Goes from a decentralised, fragmented system to one with full control and remote monitoring with DEIF.
Ullevål hospital revives emergency power on campus
Ullevål Hospital goes from a decentralised, fragmented system to one with full control and remote monitoring with DEIF.
An emergency patient: the power system
The emergency power system at Oslo’s Ullevål Hospital needed an upgrade – badly. As one of the four main campuses of Oslo University Hospital (Norway’s largest), Ullevål’s century-old buildings and decentralised power infrastructure were inefficient. Medium-sized generators were located in or near the many buildings. There was little control over the load situation.
“It’s difficult to explain how flawed and bad the system was before,” says Michal Kjerstad, operations manager at Ullevål Hospital. “Previously in a power outage we had to look up at a building to see if the windows were lit, and if they were, the building had power, so we moved on to the next building.”
The structure of the main switchboard was based on relay logic, and no switchboards were identical, explains Dag Olsbakk, a consulting electro engineer at COWI. Dag took part in designing and executing a new emergency power system at Ullevål.
Image: COWI’s Dag Olsbakk (centre) inspects the control room at Ullevål’s emergency power system with DEIF’s René Kristensen (left) and Rikard Aker Svendsen.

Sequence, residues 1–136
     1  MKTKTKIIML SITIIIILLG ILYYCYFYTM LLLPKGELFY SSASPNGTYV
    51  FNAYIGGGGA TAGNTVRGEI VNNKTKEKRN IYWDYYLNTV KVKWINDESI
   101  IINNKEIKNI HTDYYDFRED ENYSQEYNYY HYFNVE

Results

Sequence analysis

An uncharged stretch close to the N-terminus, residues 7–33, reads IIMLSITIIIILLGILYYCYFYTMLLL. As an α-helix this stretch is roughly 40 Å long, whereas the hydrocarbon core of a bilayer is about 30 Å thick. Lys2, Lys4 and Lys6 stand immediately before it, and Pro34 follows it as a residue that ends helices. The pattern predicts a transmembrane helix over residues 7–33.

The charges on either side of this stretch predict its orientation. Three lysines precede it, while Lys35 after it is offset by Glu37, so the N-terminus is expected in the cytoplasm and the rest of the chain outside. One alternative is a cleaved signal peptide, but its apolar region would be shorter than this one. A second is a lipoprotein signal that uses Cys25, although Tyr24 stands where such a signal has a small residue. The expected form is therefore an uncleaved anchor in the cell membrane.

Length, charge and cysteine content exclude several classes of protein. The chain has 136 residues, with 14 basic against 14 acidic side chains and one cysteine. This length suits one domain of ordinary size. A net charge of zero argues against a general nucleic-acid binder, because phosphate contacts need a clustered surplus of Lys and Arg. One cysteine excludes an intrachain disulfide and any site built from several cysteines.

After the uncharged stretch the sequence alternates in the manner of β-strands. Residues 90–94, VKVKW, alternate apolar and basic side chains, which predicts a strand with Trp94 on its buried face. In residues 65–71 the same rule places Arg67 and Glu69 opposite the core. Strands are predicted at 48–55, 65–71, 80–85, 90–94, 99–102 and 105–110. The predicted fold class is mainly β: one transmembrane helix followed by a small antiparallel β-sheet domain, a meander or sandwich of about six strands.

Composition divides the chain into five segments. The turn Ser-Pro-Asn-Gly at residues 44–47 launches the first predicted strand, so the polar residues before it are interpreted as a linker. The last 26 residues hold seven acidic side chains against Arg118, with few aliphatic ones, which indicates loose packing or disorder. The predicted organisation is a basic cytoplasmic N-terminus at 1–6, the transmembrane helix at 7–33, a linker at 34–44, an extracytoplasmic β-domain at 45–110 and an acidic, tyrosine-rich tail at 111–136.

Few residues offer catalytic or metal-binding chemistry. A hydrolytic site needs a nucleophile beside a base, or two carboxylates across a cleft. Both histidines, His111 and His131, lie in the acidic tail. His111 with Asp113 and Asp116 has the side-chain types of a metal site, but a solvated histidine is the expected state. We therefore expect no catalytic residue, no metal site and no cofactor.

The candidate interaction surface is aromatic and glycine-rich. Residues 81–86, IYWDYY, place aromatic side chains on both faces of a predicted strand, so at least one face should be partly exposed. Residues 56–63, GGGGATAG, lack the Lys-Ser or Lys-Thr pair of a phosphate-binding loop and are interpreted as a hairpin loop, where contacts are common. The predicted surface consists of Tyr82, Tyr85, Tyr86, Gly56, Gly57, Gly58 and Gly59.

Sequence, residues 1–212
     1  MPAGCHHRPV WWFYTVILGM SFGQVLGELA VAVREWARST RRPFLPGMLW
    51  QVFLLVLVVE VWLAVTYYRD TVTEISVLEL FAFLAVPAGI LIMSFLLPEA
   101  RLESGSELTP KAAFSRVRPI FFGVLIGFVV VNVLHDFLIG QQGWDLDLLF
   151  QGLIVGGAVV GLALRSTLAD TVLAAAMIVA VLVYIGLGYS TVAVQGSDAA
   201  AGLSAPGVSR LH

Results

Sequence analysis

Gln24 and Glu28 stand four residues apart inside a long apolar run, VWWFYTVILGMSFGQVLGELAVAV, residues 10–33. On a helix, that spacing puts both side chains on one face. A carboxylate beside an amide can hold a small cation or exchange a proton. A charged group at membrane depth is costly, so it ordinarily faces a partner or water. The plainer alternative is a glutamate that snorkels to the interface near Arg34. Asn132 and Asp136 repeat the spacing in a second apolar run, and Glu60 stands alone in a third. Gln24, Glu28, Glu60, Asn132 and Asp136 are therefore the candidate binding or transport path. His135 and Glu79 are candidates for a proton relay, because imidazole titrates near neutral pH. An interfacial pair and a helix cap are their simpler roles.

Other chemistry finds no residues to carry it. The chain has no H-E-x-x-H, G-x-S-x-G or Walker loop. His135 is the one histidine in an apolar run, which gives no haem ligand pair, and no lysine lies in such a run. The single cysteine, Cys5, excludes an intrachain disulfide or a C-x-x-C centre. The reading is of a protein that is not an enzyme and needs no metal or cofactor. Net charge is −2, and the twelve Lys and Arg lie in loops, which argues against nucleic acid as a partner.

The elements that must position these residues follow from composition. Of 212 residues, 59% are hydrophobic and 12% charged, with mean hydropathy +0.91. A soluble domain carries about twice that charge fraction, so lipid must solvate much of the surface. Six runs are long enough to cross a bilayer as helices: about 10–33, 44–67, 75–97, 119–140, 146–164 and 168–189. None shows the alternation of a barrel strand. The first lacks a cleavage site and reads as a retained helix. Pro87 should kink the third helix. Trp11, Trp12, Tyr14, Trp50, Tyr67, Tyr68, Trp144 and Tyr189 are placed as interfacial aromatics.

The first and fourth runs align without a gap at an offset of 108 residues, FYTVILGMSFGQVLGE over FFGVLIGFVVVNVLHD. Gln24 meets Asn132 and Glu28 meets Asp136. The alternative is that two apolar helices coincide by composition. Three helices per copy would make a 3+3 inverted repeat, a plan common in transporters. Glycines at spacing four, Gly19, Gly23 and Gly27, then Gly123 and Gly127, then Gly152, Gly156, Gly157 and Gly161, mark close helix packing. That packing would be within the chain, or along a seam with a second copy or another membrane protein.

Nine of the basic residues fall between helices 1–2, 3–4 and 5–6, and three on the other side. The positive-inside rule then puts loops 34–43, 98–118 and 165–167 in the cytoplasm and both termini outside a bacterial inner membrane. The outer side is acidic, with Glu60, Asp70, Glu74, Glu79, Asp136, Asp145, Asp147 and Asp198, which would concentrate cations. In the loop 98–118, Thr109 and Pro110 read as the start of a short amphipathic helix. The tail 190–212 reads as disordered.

The bypass operation
Ullevål had made upgrades in some buildings, and around 2000 it did a temporary upgrade with emergency power generators that used DEIF controllers. Dag Olsbakk says he talked with René Kristensen from DEIF, who gave some ideas on how to retrofit the infrastructure to include the southern part of Ullevål, covering the most critical part of the hospital. Starting in 2014, COWI and DEIF worked together with Ullevål to build the new system while keeping the hospital on-line and functioning normally – like a bypass operation of a patient.
Four generators of 690 V and each 2.2 MW supply the emergency power. For optimal power security, COWI chose to use DEIF’s Power Management with AGC-4 controllers. “We chose to have a reliable power supply that communicates on a CAN bus that isn’t impacted by other systems,” Dag says. “It’s in bands, and we chose AGC-4 controllers for that. It allows us to run tests and have full control in each building and run tests and synchronise to the grid.”
In addition, the DEIF Digital Voltage Controller DVC310 regulates voltage, improving genset performance.
Digital voltage controller DVC 310
- Start management capability with start on threshold, soft start, and Close Before Excitation (CBE) functions
- Voltage regulation accuracy +/-0.25 %
- Optimise genset performance and size using exclusive engine help functions (load acceptance module, negative forcing, U/f, soft voltage recovery and stator current limitation)